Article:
Tires for a backstop - good idea?

Discussion in 'General Gun Discussions' started by DragonFire, Apr 6, 2006.

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  1. DragonFire

    DragonFire Member

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    I have a smallish berm in the woods behind my house (my property) where I practice with my handguns, but we also use it occassionally to sight in a rifle or shotgun. I can get about 100 yard shot, but mostly its for short ranges, say 25 yards.

    A knowledgable friend and I have several times discussed putting up a bigger back stop. One idea was to use at couple of rows of old tires, filled with dirt. I just found a source of free old tires, so I'm giving this some more thought.

    I figure I'd stack the tire, say 7' high and 15' across in a slight semi-circle, with 2 or 3 rows. The rows would overlay to cover the gaps between tires. I have some dirt in front of the stack, and then more dirt plus cut brush, stumps, rocks etc. behind it (to break up or stop anything that migh somehow get through).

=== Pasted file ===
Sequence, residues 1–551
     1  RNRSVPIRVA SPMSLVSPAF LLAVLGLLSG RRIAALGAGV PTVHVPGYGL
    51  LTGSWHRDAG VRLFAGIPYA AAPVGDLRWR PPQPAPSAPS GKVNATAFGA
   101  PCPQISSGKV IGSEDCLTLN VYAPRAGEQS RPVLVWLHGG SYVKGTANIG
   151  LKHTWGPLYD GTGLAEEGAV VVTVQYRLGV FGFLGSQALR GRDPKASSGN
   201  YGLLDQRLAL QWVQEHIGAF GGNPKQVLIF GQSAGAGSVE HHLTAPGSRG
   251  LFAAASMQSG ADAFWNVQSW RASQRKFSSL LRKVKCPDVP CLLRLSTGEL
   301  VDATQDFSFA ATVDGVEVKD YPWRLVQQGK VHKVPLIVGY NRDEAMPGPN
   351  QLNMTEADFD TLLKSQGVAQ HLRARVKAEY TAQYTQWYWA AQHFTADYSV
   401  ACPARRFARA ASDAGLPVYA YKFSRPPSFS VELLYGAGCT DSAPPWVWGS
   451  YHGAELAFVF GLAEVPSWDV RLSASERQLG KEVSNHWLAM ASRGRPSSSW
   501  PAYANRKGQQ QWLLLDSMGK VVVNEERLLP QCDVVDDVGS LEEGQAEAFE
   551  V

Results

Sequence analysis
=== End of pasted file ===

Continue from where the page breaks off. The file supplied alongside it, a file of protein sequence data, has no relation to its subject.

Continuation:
One problem I can see is, what would I do if I shot away a good chunk of a tire. I'm not it would be so easy to replace a tire without dismantling the whole row. And if I overlay tires between stacks (which would be stronger) the task gets worse.

    Of course given a bigger backstop, I could move my target placement around alot more than I do now, so maybe this isn't a big deal.


    So what do you guys thinks? Would tires make a good backstop? I'd like to just make a much bigger berm of dirt, but I can't get the equipment I'd need to do that into the woods without taking down alot more trees than I'm willing to do.
     
  2. redneck2

    redneck2 Member

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    Tires are real tough. IIRC, some here have commented in the past that slow moving pistol rounds (45 acp, etc) would actually bounce back off tires

    I'd be inclined to use dirt and forget the other stuff mixed in. It's cheap, easy to repair, and should totally stop the bullets. Maybe use railroad ties around the edges to keep the dirt from shifting.

    Since you've got a tight area, maybe you could rent or use a small backhoe that could get through without losing trees.
     
  3. Lupinus

    Lupinus Member